train!(loss, pm, data, opt)
interm_loss[sample] = loss(x_train, y_train)
@show(interm_loss[sample])
end
@show(params(model))
epoch_loss[epoch] = mean(interm_loss)
end
weights = params(model)
@save "barebones.bson" weights
end
```

The `model`

here is a `Chain`

of different layers, followed by an activation function. That’s it. My model is 3 layers, an input layer w/ dimensions `84x21`

(84 time samples, 21 potential features in the data), a hidden layer w/ dimensions `21x7`

and an output layer of size `7x2`

. The `1x2`

vector output we want at the end holds $\beta$ and $ a/c $.

After that, it’s just iterating over data and validating with a loss function. `train!`

is doing a lot of the heavy lifting here, performing the gradient descent and updating model weights as the loss is evaluated (`!`

means its a function that mutates things you pass to it).

This super simple approach gets me *much* further on the leaderboard than I thought it would (list goes on further).

For reference, the score here is evaluating the $\beta$ and $a/c$ that you generate and plugging it into a function. As an aside, the function itself was apparently slightly flawed, and I was a little higher on the leaderboard before it demoted me.

Take a look at the scores and # of submissions. After ~0.46, it starts becoming a crapshoot, and the fight is for a better score on the order of a few decimal places. Training a model is decidedly non-deterministic - you’re not guaranteed the same output unless you’re using the exact same set of weights.

Getting to the top is then a matter of iterating many, *many* times, performing some kind of hyperparameter or model optimization, and crossing your fingers.

I started down this path before the tediousness caught up to me - my interest in the problem is first and foremost applying ML to a dynamic system in space. With this in mind, I’ve started exploring some other avenues which I’ll briefly touch upon here, and expand in Part 2, once I’ve worked on them a little more and have something to show for it.

## Funner stuff

### Angular Velocity, Glint and Light curves

My model was ingesting everything in the data. The hidden layer size is large enough for there to possibly be some representation of features inherent in the raw data, but there’s no guarantee of it. I read a few papers before finding specular glint, which Dr. Crassidis uses in this paper to develop angular velocity bounds for an object that’s being observed (and subsequently generating light curves). In short, glint is a feature of the light curve data that corresponds to peaks in the curves.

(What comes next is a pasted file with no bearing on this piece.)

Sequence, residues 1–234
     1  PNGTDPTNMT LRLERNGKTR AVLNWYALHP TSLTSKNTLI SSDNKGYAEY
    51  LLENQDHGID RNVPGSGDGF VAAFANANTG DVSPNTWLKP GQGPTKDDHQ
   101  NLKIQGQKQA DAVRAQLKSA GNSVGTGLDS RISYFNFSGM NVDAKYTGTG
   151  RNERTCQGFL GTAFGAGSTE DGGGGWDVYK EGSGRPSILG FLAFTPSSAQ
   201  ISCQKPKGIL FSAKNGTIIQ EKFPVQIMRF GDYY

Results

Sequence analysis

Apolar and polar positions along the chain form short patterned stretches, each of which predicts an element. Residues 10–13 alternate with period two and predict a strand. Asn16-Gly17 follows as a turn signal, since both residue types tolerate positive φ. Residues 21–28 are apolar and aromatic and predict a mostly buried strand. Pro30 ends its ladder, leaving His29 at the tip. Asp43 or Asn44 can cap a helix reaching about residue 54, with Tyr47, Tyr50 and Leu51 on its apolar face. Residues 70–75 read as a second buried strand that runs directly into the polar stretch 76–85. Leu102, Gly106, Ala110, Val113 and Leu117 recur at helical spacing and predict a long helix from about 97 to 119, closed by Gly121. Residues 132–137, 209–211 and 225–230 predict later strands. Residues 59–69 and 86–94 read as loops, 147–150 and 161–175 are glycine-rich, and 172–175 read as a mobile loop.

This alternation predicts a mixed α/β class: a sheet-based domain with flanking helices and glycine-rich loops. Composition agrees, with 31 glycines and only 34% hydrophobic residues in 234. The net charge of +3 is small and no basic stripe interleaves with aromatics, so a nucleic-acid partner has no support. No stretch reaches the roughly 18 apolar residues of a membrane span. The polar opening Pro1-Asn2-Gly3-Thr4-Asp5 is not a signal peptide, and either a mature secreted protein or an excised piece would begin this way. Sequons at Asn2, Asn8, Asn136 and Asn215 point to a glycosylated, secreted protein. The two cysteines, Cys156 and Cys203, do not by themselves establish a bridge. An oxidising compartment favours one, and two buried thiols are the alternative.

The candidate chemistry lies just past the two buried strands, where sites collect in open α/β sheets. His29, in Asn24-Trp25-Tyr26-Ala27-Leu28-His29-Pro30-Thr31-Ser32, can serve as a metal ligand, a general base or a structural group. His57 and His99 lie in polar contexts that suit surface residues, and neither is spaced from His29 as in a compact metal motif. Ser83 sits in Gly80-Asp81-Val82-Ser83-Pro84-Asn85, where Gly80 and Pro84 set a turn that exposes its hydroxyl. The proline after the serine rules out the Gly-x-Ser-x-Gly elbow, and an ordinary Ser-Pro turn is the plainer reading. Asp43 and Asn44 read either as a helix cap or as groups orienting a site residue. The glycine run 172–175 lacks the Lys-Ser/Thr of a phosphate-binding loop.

I’ll address ways of getting glint and the angular velocity in Part 2.

### Koopman Operators & SINDy Autoencoders

Any explanation I give won’t do the Koopman operator justice, so I’ll give a very bird’s eye view of it. In short, it’s a method to represent a non-linear function or dynamic system linearly. Specifically, the main idea is to find an approximated linear representation, and then use it to obtain an exact solution. SINDy here stands for Sparse Identification of Nonlinear Dynamics. Bird’s eye view again: if we reduce/minimize a dataset to the barest features that you can use to represent the system, you’re very very close to learning the governing equations that describe the system.

It sounds deceptively simple, but there’s a lot going on behind the scenes that I don’t really fully understand. I’ll leave a better explanation to part 2. I’m using this incredible video as reference: Deep Learning to Discover Coordinates for Dynamics: Autoencoders & Physics Informed Machine Learning . Incredibly, it hits every buzzword that I’m interested in and tingles all the right parts of my brain. Koopman + Autoencoders is what I’m currently trying to apply to the problem, so stick around for updates on that. Check out this paper for more info.